The Maryland House of Delegates passed paid-sick-leave legislation after years of such measures stalling in the legislature. (Jonathan Newton/The Washington Post)

The Maryland House of Delegates on Tuesday approved a bill that would require employers with at least 15 workers to provide paid sick leave for employees, a benefit currently mandated in only four U.S. states.

The measure now moves to the Senate, where lawmakers said it faces steep odds.

Paid sick leave has been proposed in Annapolis for years but had never before cleared a chamber.

Senate Finance Committee Chairman Thomas M. Middleton (D-Charles) said he wants to at least give the proposal a hearing with his panel before the session ends Monday so that lawmakers can identify concerns and address them in preparation for further consideration next year.

“It’s late, and obviously there is a lot more work to do,” he said.

The bill also could be opposed by Gov. Larry Hogan (R), who has emphasized the importance of making Maryland an easier place to operate a business.

Hogan was noncommittal Tuesday, saying he would give the bill “every consideration” if the full legislature passes it.

Bill sponsor Del. Luke H. Clippinger (D-Baltimore) said he was proud of the House for having done its part.

“It’s further than this legislation has ever gone before,” he said. “I’m deeply appreciative of this chamber.”

After the 84-to-54 vote in favor of the bill was displayed in the chamber Tuesday morning, Clippinger shared a hug with Senate Majority Leader Catherine E. Pugh (D-Baltimore), who sponsored the Senate version of the legislation and came to the House to watch the delegates vote.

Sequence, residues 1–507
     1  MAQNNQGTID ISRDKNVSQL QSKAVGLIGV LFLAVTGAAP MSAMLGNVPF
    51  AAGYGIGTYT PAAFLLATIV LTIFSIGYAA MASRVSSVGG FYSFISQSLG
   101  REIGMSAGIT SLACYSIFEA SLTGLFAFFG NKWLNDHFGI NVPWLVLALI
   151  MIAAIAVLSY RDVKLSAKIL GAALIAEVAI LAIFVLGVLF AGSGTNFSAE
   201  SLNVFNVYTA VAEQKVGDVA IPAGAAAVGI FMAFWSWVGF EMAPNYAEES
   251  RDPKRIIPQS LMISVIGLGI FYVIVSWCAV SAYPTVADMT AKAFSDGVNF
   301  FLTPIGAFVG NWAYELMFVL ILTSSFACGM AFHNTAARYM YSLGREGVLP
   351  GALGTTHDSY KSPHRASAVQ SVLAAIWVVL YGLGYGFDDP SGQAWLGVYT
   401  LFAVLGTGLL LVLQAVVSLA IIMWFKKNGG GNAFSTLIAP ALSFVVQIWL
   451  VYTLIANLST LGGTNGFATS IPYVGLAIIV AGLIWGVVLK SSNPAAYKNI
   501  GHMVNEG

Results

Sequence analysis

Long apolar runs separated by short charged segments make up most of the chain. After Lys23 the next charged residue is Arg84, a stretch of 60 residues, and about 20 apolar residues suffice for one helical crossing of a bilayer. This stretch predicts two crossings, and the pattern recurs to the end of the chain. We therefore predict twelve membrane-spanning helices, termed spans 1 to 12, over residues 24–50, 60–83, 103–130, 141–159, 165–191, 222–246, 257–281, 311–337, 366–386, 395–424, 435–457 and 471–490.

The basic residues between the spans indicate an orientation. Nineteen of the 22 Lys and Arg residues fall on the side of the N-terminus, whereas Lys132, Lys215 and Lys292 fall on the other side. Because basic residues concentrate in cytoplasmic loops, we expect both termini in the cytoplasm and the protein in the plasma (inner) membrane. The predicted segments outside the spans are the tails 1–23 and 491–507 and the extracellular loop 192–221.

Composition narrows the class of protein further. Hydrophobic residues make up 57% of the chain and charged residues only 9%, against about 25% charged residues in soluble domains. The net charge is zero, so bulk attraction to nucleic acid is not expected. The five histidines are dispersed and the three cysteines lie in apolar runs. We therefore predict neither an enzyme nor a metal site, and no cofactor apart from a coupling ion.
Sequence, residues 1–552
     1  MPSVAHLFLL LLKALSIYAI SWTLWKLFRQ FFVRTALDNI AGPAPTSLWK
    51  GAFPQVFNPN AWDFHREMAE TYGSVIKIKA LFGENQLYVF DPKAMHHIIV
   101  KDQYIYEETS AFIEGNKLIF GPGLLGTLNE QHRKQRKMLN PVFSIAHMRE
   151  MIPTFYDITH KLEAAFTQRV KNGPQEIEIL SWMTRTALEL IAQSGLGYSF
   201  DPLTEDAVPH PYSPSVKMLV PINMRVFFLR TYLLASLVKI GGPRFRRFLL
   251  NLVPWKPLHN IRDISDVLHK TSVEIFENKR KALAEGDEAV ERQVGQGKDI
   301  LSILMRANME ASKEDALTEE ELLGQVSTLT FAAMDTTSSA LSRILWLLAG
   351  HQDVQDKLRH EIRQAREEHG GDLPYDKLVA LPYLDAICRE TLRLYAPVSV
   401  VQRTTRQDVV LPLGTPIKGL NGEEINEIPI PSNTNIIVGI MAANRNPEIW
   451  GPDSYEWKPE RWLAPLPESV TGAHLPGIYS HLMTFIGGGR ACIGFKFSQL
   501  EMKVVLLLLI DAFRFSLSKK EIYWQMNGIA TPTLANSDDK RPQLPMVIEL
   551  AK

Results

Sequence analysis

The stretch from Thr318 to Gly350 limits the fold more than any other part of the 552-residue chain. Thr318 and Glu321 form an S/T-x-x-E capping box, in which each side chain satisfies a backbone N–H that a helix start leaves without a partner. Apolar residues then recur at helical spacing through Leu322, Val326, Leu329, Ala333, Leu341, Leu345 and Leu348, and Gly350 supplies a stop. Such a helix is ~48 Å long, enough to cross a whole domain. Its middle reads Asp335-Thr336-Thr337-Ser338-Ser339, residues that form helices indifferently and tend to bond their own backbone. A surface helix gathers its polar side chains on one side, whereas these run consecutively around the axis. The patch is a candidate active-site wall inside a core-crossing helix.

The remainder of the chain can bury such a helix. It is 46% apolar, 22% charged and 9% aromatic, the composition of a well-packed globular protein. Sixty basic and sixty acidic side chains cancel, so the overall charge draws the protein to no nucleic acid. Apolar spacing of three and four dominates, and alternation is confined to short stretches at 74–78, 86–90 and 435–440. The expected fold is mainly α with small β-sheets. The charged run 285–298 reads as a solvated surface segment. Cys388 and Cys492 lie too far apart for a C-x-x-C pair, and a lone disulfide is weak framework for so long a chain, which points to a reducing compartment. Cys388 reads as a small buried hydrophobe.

“Leadership needs to recognize how important this bill is,” she said.

Some lawmakers say privately that they suspect the House’s decision to advance the measure was an attempt to appease advocates of progressive labor laws, who have been more vocal than usual about the issue this year.

Opponents say the legislation, which includes exemptions for agricultural employees, workers younger than 18 and seasonal staff who work fewer than 90 days a year, would place a burden on employers at a time of economic uncertainty and when Maryland is trying to change perceptions that it is unfriendly toward business.

“This bill kills opportunity in the state of Maryland,” said Del. Mark N. Fisher (R-Calvert). “This bill makes it less likely that companies will hire and keep employees.”

Supporters of paid sick leave in Maryland and nationwide argue the opposite point, saying that requiring the benefit is not only the right thing to do, but also would help companies attract and retain quality workers while preventing the spread of germs at restaurants and other workplaces.

They also say businesses have thrived for generations with other labor policies and safety-net programs in place, including Social Security, minimum-wage laws and unemployment insurance.

“It’s time to modernize our labor policies and build the workforce of today and tomorrow, and not yesteryear,” Del. Aruna Miller (D-Montgomery) said Tuesday. “The best prescription for our economy is a healthy workforce.”

The other states that have enacted sick-leave legislation are California, Connecticut, Massachusetts and Oregon. Many local jurisdictions have also adopted such laws, including Montgomery County, the District of Columbia, New York City and Seattle.

Ovetta Wiggins contributed to this report.